The value of "middlemen" professions is hard to understand. Economics is hard to understand; it is a highly circular discipline in which everything affects everything else in unexpected ways.

    Economics is not hard to understand. Economics is easy to understand: an ideological pseudo-science designed to justify the transition from democracy to oligarchy. The 'hard to understand' tag is part of the mystique of the priesthood: "Sure, it may seem to you, poor peasant, that you have been screwed, but in fact things are as they should be, and your failure to see that just comes from your own lack of understand. See, economics is difficult to understand - leave it to the priesthood, and don't fret."

    The Jewish community, being over-represented in professional communities such as entrepreneurs, businessmen and finance, have long had to address many of the criticisms currently being thrown at capital markets, bankers, financiers, and "the 1%" in general.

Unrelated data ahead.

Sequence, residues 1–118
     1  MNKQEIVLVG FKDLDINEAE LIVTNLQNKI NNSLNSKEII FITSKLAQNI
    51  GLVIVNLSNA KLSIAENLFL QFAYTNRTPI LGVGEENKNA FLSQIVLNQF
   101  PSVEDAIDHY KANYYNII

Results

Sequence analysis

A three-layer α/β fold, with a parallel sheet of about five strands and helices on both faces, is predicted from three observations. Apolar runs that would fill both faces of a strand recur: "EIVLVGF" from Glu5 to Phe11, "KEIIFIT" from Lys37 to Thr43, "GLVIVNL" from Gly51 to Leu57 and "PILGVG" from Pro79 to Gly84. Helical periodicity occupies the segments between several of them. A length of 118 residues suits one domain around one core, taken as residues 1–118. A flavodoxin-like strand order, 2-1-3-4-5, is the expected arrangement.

This seems to be a side-ways way of brown-baiting the OWS movement. That's a shameless smear, worthy of Glenn Beck.

    But I'm all for middle men. The banking sector does indeed serve a useful social function - like public utilities. So, structure and regulate banks like public utilities. Your middle men can do their thing, and earn a comfortable living while doing it. And, as an added bonus, we can euthanize the oligarchy, and have a reasonable prospect of a sane and just future.

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    Comment number 19.

    " ...Can you name a sophisticated, developed society that managed to achieve its status without having deep, liquid, and sophisticated capital markets to intermediate savings between individuals, corporations, and government? ..."